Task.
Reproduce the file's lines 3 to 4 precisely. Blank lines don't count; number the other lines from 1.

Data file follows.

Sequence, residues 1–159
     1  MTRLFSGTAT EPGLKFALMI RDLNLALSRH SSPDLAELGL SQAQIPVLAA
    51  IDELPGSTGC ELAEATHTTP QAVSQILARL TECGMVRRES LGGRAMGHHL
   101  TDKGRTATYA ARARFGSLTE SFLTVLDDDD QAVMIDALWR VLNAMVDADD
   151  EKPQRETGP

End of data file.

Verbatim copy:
    51  IDELPGSTGC ELAEATHTTP QAVSQILARL TECGMVRRES LGGRAMGHHL
   101  TDKGRTATYA ARARFGSLTE SFLTVLDDDD QAVMIDALWR VLNAMVDADD